Tajikistan’s Unlikely Street Protests

by Christian Bleuer on 3/4/2010 · 6 comments

About a week ago I was asked if I would be following Tajikistan’s parliamentary elections. I didn’t see the point, as the outcome was known before the actual election. But others paid more attention to the actual process and this week we have the even more predictable international reaction to the government’s solid win. The Shanghai Cooperation Organization (SCO) says “Well done. Clean Win.” And The Organization for Security and Cooperation in Europe (OSCE) says “Boo. You cheated.”

So once again we have the Central Asian election and international reaction dance. But the international media is tossing out the prospect of street protests and conflict. The Financial Times talked of a possible legal challenge by the IRP, accompanied with the usual “there are Muslims there” commentary. Over at RFE/RL there is even more excitement. They write:

Tajikistan’s opposition threatened today to call street protests to challenge the result of a parliamentary election in the impoverished nation bordering Afghanistan. Any unrest in Tajikistan could worry the West, which uses the Muslim nation of seven million as part of a northern route supplying NATO troops fighting the Taliban in Afghanistan.

Well, good luck with that. I would be surprised if you could get 50 people to show up. Check out John Heathershaw’s book on post-conflict Tajikistan, especially the parts on the “don’t get involved”-ism on the part of people in Tajikistan. The last time there were serious street protests in Tajikistan things got just a little out of control. By the time the dust had settled 70,000 people were dead. In February of this year Ferghan.ru ran an article on the 20th anniversary of the first round of protests. Check it out as an introduction.

But it was in the Spring 1992 protests that really got things moving. The difference now? Besides the post-conflict lack of enthusiasm for getting involved in political struggles there is the issue of an extremely weak opposition. IRP leader Kabiri was quoted in the RFE/RL article:

“If the courts take unfair decisions, we can organize public acts of protest as well as other actions within the country’s legislation,” said the party’s leader Mukhiddin Kabiri.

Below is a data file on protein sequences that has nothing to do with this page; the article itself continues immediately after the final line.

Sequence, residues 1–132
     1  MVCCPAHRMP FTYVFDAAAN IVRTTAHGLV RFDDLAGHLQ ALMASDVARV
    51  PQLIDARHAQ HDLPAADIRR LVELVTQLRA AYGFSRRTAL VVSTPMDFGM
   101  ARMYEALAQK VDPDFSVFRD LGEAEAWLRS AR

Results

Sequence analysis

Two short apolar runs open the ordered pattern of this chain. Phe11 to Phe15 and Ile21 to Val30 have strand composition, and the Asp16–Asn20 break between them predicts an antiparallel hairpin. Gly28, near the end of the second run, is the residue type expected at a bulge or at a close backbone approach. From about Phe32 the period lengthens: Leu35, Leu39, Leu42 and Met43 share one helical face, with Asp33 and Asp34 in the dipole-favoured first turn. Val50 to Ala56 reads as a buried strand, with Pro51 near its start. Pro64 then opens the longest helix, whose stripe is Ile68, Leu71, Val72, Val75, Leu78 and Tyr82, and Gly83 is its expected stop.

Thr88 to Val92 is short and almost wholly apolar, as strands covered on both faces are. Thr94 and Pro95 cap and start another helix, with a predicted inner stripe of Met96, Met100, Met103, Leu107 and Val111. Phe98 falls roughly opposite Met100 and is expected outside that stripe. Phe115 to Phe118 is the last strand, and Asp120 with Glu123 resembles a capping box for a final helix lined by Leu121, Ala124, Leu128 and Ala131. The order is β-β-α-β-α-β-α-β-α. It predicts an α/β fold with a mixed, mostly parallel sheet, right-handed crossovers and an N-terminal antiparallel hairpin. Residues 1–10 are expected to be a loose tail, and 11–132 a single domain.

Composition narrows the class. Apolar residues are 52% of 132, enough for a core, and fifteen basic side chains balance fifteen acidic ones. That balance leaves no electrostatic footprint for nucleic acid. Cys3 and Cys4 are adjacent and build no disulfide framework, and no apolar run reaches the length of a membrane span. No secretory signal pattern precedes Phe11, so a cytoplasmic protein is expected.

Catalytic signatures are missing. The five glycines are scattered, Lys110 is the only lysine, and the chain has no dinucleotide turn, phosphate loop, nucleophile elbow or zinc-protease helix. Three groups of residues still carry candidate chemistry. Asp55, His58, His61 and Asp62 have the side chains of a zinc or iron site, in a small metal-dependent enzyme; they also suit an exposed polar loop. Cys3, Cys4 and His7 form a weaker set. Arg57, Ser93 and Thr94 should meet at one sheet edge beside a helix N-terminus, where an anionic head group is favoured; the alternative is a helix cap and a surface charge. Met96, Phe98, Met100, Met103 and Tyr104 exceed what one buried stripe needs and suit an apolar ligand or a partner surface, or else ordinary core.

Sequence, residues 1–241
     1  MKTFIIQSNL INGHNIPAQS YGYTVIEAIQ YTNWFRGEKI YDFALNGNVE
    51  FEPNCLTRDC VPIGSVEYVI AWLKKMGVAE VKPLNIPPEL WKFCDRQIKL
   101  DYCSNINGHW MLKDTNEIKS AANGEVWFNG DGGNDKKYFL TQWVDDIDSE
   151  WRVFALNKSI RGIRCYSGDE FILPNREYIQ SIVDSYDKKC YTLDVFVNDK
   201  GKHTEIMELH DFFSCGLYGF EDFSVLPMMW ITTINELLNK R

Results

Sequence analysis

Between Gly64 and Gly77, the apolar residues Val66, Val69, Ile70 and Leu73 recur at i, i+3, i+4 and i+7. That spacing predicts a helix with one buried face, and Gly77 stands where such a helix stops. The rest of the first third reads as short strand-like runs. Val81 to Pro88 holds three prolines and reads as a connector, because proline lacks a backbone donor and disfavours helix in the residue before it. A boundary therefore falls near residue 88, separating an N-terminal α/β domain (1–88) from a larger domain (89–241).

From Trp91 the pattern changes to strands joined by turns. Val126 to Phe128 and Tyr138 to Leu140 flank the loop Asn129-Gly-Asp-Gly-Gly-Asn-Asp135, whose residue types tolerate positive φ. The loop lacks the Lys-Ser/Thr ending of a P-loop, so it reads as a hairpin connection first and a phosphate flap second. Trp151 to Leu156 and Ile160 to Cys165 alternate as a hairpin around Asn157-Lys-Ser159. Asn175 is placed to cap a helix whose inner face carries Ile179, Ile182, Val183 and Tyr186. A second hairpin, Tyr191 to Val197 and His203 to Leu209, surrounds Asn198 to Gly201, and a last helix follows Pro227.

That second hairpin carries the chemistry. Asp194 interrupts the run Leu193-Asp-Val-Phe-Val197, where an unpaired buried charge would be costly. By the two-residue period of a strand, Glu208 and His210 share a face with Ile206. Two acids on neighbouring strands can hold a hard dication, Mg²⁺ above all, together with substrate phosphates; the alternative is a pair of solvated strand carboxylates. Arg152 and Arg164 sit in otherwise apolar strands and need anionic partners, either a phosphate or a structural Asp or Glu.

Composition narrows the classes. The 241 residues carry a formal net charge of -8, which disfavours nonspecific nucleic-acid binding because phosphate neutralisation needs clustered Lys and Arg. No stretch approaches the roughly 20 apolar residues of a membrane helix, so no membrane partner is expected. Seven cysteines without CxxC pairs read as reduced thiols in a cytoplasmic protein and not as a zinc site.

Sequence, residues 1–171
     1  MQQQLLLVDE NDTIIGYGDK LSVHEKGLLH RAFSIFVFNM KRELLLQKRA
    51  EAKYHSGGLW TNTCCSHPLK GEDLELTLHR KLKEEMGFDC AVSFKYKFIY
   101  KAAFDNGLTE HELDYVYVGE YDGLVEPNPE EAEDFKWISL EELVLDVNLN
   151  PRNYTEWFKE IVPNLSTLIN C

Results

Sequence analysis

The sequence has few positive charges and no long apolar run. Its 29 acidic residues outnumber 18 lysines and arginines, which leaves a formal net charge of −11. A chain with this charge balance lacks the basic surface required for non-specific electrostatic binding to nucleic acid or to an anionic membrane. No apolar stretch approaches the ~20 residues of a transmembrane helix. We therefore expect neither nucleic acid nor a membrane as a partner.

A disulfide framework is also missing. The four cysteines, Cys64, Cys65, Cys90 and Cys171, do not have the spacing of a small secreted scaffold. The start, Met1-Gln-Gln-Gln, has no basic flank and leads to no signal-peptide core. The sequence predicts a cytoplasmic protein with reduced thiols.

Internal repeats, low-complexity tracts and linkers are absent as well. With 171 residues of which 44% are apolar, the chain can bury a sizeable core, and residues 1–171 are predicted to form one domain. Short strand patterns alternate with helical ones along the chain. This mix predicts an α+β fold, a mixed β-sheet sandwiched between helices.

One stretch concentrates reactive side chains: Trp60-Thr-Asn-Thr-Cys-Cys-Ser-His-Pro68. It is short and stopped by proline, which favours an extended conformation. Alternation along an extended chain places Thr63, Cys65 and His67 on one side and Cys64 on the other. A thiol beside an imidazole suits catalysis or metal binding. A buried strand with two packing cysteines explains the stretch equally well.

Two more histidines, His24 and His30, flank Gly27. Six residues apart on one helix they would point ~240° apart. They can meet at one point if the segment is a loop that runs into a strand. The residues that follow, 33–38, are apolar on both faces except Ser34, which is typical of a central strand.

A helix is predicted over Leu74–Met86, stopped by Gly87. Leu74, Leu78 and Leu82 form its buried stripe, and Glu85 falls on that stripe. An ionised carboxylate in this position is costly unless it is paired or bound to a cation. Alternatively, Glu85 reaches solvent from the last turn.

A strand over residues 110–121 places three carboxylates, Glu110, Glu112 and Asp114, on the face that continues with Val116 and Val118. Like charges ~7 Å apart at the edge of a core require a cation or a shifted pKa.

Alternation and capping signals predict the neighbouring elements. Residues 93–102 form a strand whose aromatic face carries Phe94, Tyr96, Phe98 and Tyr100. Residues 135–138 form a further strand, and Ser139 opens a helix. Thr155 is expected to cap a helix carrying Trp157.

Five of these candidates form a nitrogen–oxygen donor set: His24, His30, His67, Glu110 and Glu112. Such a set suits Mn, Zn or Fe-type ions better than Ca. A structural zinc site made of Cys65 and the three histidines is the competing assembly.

You know, I don’t think they can. In Spring 1992 the IRP and their allies in the opposition were able to bring in a large number of demonstrators. The IRP drew heavily on “Gharmi” Tajiks from rural areas, bringing them into Dushanbe on buses and other less glamorous forms of transportation. Some came willingly while others felt pressured into coming. But they came. The Hizb-i Nahzat network that had been in development since 1973 delivered big time. And then the demonstrators were fed and “housed” while they protested.

Can the IRP do the same today? I really, really doubt it. They are a meek shadow of their former selves. I expect no serious demonstrations.


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{ 6 comments }

Turgai Sangar March 4, 2010 at 10:47 am

Islamic opposition in Tajikistan is also no longer the monopoly nor the initiative of the IRPT.

Ekspeditsya March 4, 2010 at 11:02 am

Rather than adding my long-winded tuppence worth on the Tajik elections here, I revived my own long-dormant blog:

http://ekspeditsya.wordpress.com/2010/03/04/tajikistan-what-next/

prairiegirl March 4, 2010 at 2:30 pm

Just heard a mini documentary on Tajikistan on CBC radio program dispatches, and the guest referred to Tajikistan’s government as the Sopranos…only led by Fred Flinstone! Any funny enough, the metaphore works!

Grant March 4, 2010 at 3:32 pm

I can’t see any reason for the West to be worried at all. A. We already know who the winner will be, this isn’t that hard to figure out and B. I sincerely hope that at least some of the Western leaders can differentiate between militant groups such as the Taliban and normal political parties.

Toryalay Shirzay March 4, 2010 at 9:07 pm

This is addressed to the people of central Asia and Tajikistan in particular. Do not mix politics and religion or you will get a very explosive mixture especially if the religion happens to be Islam.This was proven during the Tajik civil war.The Tajiks haven’t gotten smart since then,if they had,they would never have allowed any Islamic political action to continue to flourish.Many Islamic thugs with strong support from Iran,SAUDI Arabia,Pakistan,Arab oil shieks,etc fueled the Islamic bloodbath in Tajikistan ,all because of the relentless dictates of Islam for power.We who live in this region of the globe are very tired and sick of Islam,this bloodthirsty religion of the goddamn Arabs.How long must we continue to be intimidated by this evil religion,we cannot afford to see our mothers,fathers, relatives,etc blown up because this nasty religion and its murderous supporters are so thirsty for power.
Therefore in central Asia there must be a total separation of state and religion for ever.You Tajiks,you will have endless Islamic uprisings and bloodbath if you continue to allow Islamic political activity, and because this is a very intolerant fascist religion,you will be better off without it.You will be glad you did in the years and centuries to come!!

Turgai Sangar March 7, 2010 at 5:24 am

Yawn.

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